Methods: We conducted qualitative research in Year 1 with high school students, school personnel and parents. Research questions focused on identifying core elements in SWPBIS and RD that promote disciplinary equity, approaches to implementing training blending SWPBIS and RD, and barriers and facilitators of positive relationship building in schools. Based on this feedback, we developed the teacher training curriculum. We are currently (Year 2) testing the curriculum’s feasibility with the students, teachers, and parents of three small high schools in the Pacific Northwest.
Results: Key findings from focus groups include the following: a) RD implementation occurs incrementally and follows the tiered intervention model; b) school discourse needs to change from an emphasis on behavioral compliance to community and relationship building for academic success; c) initial RD implementation should be teacher-directed and begin with early adopters; d) RD practices should link to academic instruction to promote staff buy-in; and e) student buy-in is essential, but often challenging, especially among students who openly prefer punishment over participating in restorative resolutions. We will also present findings from administrators and parents as well as preliminary outcomes from the Year 2 feasibility study.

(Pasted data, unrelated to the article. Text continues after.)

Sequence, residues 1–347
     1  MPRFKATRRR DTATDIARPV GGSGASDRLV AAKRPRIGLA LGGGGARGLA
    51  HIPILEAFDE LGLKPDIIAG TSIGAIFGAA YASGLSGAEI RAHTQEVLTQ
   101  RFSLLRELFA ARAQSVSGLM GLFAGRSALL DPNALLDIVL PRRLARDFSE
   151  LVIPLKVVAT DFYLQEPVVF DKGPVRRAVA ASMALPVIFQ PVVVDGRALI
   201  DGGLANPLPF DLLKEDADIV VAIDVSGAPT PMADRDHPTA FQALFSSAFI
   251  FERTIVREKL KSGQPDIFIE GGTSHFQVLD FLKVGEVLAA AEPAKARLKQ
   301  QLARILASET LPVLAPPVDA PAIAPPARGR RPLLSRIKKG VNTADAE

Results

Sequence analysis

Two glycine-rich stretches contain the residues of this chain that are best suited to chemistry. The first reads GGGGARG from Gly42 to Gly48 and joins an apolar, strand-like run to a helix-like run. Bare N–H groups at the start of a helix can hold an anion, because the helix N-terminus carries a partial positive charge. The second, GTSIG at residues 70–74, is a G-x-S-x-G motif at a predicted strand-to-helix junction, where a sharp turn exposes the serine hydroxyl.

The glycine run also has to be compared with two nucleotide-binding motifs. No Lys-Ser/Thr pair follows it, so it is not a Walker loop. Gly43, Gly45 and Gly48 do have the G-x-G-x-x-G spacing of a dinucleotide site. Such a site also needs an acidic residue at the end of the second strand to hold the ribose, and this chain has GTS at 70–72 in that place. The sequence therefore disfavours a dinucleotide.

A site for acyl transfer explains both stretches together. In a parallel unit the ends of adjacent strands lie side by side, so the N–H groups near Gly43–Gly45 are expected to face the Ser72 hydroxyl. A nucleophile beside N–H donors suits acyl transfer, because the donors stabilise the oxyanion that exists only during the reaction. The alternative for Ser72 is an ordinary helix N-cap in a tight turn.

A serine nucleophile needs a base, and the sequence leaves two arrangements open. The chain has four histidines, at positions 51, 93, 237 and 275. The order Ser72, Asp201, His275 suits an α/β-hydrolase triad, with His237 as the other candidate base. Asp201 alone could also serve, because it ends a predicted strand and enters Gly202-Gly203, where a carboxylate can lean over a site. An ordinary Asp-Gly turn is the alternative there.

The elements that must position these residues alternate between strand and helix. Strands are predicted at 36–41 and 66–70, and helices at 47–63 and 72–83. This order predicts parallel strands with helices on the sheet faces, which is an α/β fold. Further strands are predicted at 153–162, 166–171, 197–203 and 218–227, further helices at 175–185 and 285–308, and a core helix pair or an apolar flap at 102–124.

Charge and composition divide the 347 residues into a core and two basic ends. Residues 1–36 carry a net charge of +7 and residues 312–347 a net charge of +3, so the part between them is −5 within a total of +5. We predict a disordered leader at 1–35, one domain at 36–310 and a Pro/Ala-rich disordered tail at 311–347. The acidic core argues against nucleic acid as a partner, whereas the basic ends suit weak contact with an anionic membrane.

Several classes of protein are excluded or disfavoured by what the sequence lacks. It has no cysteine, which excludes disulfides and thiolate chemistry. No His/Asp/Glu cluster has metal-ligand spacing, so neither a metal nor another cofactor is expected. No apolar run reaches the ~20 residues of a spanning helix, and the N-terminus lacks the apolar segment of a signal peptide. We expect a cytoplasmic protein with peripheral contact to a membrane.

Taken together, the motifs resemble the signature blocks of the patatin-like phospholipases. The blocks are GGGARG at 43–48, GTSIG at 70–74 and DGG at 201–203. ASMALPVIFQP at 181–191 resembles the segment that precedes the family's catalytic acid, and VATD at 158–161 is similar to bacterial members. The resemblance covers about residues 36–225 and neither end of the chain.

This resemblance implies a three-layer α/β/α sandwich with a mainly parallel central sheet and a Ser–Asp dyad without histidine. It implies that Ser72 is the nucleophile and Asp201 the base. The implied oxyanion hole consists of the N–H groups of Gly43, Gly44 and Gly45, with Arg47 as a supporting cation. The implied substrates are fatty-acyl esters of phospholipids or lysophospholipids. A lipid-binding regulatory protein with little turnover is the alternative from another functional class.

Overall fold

Conclusions: We will briefly discuss opportunities and challenges related to training teachers in this integrated approach to discipline. We will offer implications of Project PRIDE’s development work to date (Years 1-2) for the Year 3 pilot study (to be conducted in 64 classrooms in 16 schools) and related research questions addressing teachers’ self-efficacy in using RD practices, reductions in school-based racial discipline outcomes, and changes in students’ school engagement.